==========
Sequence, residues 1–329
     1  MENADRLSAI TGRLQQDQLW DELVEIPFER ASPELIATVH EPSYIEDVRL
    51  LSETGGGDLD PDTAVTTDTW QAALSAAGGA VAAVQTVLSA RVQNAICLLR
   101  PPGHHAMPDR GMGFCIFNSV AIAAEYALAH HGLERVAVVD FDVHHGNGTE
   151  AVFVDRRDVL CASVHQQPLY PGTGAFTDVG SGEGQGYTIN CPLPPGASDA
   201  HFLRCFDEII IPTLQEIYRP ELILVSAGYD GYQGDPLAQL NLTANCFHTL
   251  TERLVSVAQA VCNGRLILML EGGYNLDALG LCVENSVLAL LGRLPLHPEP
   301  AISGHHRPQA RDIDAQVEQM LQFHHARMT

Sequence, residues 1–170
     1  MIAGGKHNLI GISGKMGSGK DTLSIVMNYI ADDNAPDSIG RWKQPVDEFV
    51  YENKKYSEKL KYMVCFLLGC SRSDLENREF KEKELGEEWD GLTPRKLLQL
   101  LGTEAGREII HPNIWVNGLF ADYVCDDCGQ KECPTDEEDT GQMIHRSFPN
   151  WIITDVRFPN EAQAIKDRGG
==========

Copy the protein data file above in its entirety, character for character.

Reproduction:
Sequence, residues 1–329
     1  MENADRLSAI TGRLQQDQLW DELVEIPFER ASPELIATVH EPSYIEDVRL
    51  LSETGGGDLD PDTAVTTDTW QAALSAAGGA VAAVQTVLSA RVQNAICLLR
   101  PPGHHAMPDR GMGFCIFNSV AIAAEYALAH HGLERVAVVD FDVHHGNGTE
   151  AVFVDRRDVL CASVHQQPLY PGTGAFTDVG SGEGQGYTIN CPLPPGASDA
   201  HFLRCFDEII IPTLQEIYRP ELILVSAGYD GYQGDPLAQL NLTANCFHTL
   251  TERLVSVAQA VCNGRLILML EGGYNLDALG LCVENSVLAL LGRLPLHPEP
   301  AISGHHRPQA RDIDAQVEQM LQFHHARMT

Sequence, residues 1–170
     1  MIAGGKHNLI GISGKMGSGK DTLSIVMNYI ADDNAPDSIG RWKQPVDEFV
    51  YENKKYSEKL KYMVCFLLGC SRSDLENREF KEKELGEEWD GLTPRKLLQL
   101  LGTEAGREII HPNIWVNGLF ADYVCDDCGQ KECPTDEEDT GQMIHRSFPN
   151  WIITDVRFPN EAQAIKDRGG